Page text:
The post I'm storing up for tomorrow, when I'm no longer in meeting rooms or at airports or on airplanes, will be about Iran. In specific, why we should be encouraged by the emerging push-back to rhetoric from (a) all Republican candidates not named Ron Paul, (b) their supporters and strategists, and (c) various parts of the press, about the "inevitability" of war with Iran.
To anyone who remembers the press and policy-world buzz through 2002 and early 2003 about the need to "get serious" by facing the "need" to invade Iraq, the increasing pro-war rumbling sounds very familiar. But this time, unlike ten years ago, more people are offering first-principle cautions, questions, and rebuttals, earlier in the process, and in more established and prominent outlets. One reason, no doubt, is that we're that much further removed from the shock of 9/11. And another is precisely that we have been through this cycle before, with Iraq, and may have learned something. That's what I'll go into, in more detail, soon. For background reading right now, this excellent summary by Heather Hurlburt at Democracy Arsenal points toward a number of useful analyses. Also please check The Atlantic's Robert Wright, passim, these past few weeks, and William Pfaff at his site. Lots more to come.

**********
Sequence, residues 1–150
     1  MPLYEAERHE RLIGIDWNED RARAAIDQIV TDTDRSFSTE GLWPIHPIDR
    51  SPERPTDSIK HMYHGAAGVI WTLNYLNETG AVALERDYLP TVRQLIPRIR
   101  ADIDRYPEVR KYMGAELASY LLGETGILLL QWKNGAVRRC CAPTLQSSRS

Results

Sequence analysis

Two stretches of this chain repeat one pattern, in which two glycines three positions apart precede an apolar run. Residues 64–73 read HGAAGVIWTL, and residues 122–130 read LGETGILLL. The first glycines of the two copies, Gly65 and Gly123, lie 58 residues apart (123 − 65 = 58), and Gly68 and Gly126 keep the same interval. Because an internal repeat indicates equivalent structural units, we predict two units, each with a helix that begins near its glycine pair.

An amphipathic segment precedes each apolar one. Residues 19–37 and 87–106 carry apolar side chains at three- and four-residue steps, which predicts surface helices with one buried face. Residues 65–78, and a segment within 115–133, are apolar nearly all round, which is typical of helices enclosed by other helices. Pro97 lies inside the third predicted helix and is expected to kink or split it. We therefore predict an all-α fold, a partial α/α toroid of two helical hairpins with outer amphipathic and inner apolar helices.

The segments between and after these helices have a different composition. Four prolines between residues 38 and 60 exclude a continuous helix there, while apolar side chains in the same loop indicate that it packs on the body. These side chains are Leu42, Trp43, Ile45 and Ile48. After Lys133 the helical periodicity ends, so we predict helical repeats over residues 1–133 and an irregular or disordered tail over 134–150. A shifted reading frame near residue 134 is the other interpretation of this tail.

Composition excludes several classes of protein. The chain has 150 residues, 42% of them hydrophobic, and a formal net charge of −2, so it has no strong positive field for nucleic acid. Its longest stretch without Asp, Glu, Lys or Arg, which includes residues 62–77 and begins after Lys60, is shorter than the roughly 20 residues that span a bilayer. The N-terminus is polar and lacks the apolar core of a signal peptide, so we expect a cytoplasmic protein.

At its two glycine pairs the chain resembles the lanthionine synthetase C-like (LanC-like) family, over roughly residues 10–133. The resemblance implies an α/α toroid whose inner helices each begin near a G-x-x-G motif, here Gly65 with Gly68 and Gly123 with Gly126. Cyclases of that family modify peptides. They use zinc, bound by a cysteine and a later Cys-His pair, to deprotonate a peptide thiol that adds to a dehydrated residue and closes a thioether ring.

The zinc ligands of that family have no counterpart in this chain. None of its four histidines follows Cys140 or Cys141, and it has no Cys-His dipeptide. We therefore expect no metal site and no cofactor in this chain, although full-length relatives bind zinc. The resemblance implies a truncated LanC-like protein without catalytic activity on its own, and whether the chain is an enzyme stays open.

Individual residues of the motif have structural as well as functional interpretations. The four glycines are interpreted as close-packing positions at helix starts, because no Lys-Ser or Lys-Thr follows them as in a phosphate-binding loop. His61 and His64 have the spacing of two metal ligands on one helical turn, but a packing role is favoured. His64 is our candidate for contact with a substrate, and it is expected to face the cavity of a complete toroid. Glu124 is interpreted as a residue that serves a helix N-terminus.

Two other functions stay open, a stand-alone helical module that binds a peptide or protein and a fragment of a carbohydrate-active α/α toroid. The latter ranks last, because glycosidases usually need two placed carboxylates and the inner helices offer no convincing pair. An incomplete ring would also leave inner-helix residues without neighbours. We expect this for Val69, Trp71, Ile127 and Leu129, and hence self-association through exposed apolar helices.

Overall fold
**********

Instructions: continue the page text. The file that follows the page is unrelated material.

Further back in The Atlantic's archive: my article from 2004 on the purely military arguments against bombing Iran, and Jeffrey Goldberg's from 2010 about whether Israel has reached a "point of no return" in its plans to bomb -- along with the related special report that we ran on TheAtlantic.com. (This theme was of course taken up yesterday in The New York Times Magazine.)
If the Iraq experience positions us for something more like an actual debate this time -- and the proper consideration of the Constitutional, strategic, human, and economic consequences of various policies on Iran -- then it will have done some good. Signing off now, more tomorrow.
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